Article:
About Ms. Frissell—

“Toni Frissell (1907-1988) …a photojournalist and fashion photographer..She demonstrated ..versatility.. in her work as a staff photographer for Vogue, Harper’s Bazaar, and Sports Illustrated and in her publication of several photographically illustrated books, ranging from A Child’s Garden of Verses (1944) to The King Ranch, 1939-1944 (1975).

Frissell is perhaps best known for her pioneering fashion photography and her informal portraits of the famous and powerful in the United States and Europe, including Winston Churchill, Eleanor Roosevelt, and John F. and Jacqueline Kennedy. She is noted for taking fashion photography out of the studio into the outdoors, thus placing an accent on the active woman. She is also known for the imaginative angles, both physical and metaphorical, from which she covered her subjects.”

February 23, 2009 Posted by | Uncategorized | , , , , | 7 Comments

Fish Vendor—Augusta, Georgia 1903

digital file from original

Above is a picture of a fish vendor in Augusta, Georgia in 1903.

The picture is taken from the American Memory project of the Library of Congress.

February 14, 2009 Posted by | Uncategorized | , , | Leave a comment

Christmas Tree Over Bar Entrance—Philadelphia 1938

digital file from intermediary roll film

Above is a photo of a Christmas tree over a bar entrance. The photo was taken on Market Street in Philadelphia in 1938 by Paul Vanderbilt.

I found the photo on the Library of Congress American memory web page.

Here are some photos of Market Street in the current day.

Here is a history of Market Street in olden days .  Here is more information on Market Street.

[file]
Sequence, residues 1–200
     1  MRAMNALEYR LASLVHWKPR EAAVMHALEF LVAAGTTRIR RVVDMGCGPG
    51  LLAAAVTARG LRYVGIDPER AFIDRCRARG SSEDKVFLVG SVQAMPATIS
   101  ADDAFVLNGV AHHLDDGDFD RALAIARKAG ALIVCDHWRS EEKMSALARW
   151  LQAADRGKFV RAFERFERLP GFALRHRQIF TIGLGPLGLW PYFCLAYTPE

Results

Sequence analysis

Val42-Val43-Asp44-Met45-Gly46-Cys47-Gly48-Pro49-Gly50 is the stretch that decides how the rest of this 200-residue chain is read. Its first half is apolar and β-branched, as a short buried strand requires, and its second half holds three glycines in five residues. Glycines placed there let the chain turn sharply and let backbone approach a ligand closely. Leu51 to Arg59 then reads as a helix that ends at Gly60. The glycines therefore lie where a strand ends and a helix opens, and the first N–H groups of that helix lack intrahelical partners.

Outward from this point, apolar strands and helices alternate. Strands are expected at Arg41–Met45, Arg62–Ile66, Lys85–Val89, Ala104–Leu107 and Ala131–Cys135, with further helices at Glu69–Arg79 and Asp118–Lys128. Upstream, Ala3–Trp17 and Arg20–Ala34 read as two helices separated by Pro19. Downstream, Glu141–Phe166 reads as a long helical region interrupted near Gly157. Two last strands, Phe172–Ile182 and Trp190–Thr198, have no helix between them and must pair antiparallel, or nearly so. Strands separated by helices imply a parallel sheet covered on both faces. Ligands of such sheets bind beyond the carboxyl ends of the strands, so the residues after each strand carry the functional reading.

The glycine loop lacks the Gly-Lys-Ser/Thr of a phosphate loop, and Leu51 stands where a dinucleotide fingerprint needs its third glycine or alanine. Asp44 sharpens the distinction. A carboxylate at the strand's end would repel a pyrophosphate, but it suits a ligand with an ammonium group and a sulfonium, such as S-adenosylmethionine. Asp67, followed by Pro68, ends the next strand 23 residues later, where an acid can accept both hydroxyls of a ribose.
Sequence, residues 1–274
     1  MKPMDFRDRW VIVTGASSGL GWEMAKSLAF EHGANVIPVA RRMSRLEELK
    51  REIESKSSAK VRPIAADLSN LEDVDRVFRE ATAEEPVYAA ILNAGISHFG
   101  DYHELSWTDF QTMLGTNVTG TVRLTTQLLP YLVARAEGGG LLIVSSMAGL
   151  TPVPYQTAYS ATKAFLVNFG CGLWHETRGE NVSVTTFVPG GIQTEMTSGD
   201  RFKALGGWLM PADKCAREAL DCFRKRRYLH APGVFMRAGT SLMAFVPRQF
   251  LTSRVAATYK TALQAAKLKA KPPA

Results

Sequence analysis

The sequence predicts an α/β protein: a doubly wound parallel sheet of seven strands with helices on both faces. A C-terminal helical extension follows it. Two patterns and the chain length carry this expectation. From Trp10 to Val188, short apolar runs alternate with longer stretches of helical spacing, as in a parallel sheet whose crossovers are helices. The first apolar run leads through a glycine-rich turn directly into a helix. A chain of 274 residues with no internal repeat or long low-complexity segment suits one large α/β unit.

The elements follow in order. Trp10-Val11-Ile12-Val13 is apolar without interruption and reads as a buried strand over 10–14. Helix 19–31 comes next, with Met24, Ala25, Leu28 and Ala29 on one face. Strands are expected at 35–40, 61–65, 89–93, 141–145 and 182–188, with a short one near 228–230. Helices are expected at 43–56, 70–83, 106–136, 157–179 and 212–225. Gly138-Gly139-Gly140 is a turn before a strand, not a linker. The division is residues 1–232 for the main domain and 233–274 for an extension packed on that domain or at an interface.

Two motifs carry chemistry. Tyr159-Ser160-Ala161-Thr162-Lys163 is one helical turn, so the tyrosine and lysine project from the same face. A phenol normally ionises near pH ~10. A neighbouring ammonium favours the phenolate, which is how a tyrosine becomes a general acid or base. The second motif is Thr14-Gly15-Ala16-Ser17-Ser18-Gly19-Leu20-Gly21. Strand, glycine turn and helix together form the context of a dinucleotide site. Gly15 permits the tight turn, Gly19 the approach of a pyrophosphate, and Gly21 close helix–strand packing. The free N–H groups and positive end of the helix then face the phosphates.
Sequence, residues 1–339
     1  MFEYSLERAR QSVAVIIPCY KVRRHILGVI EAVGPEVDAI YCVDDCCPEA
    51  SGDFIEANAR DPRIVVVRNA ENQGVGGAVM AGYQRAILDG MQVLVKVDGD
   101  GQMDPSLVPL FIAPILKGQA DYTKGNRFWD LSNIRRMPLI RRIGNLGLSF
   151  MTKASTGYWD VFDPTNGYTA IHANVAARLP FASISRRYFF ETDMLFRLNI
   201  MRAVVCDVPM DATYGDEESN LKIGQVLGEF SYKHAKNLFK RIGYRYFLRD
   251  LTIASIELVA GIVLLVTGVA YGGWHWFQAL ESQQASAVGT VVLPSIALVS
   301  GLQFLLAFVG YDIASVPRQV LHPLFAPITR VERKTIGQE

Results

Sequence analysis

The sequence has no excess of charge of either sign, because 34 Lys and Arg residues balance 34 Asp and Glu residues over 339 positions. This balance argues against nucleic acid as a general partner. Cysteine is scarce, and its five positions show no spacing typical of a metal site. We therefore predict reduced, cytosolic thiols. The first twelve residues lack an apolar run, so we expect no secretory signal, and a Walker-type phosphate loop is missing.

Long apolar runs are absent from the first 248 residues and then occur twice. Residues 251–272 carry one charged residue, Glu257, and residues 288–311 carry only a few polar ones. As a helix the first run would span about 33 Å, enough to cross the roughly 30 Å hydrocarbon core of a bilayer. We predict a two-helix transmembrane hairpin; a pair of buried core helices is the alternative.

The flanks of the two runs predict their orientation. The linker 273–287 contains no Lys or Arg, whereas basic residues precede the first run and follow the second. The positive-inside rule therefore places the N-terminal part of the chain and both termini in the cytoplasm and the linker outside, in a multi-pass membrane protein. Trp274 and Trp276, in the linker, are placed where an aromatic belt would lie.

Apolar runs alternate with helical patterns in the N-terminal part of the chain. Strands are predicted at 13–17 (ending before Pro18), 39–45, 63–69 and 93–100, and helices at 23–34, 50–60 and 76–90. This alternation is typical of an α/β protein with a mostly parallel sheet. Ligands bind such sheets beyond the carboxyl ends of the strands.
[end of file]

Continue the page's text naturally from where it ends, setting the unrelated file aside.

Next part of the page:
Below the tree you see an advertisement for Guckenheimer Whiskey. Here is information on the Guckenheimer distillery and brand. It is an informative link.

December 22, 2008 Posted by | History | , , , , , , , | Leave a comment

Giant Fly Outwitted By Community Sanitation

color film copy slide

The above poster is from an exhibition of New Deal era Works Progress Administration posters on the web page of the American Memory Project at the Library of Congress.  

Here is a history of the Works Progress Administration.

July 16, 2008 Posted by | History | , , , | Leave a comment

Photo Of Rainy Day In World War II Era Houston

digital file from intermediary roll film

The above photo is of a rainy day in Downtown Houston.

The picture was taken by John Vachon in 1943.  

The picture is part of American Memory collection from the Library of Congress. 

This specific photo is from a collection of documentary pictures taken by government photographers in the Roosevelt years.

The days come and go. People have their lives.  People come and go. 

May 31, 2008 Posted by | Houston | , , , | Leave a comment

Poem–Library Of Congress

Here is a short poem I wrote after visiting the Library of Congress a few years back—

In the main reading room

Of the Library of Congress

Tourists gawk

At the magnificent architecture

And at the odd sight

Of people reading books.

Here are other Texas Liberal poetry posts

May 3, 2008 Posted by | Books, Poetry | , , | Leave a comment